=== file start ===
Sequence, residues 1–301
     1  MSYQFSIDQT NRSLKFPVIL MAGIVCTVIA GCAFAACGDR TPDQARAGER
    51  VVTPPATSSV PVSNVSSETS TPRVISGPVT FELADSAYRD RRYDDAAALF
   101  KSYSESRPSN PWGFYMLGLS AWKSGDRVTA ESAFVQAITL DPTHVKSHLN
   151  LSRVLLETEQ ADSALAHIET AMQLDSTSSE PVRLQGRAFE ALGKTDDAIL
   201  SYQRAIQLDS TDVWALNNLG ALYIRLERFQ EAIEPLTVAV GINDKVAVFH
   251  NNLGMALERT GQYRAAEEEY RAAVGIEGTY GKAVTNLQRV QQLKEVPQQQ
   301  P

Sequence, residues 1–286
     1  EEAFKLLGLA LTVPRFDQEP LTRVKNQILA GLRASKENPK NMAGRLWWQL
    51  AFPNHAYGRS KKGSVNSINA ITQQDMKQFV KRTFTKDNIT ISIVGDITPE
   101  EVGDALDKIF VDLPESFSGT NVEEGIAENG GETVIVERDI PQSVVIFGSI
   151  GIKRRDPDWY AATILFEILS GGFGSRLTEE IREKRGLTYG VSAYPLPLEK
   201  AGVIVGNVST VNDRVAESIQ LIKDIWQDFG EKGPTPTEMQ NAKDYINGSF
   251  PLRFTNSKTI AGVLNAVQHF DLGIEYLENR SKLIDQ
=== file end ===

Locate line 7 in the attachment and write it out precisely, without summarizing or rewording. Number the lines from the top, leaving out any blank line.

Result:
   251  NNLGMALERT GQYRAAEEEY RAAVGIEGTY GKAVTNLQRV QQLKEVPQQQ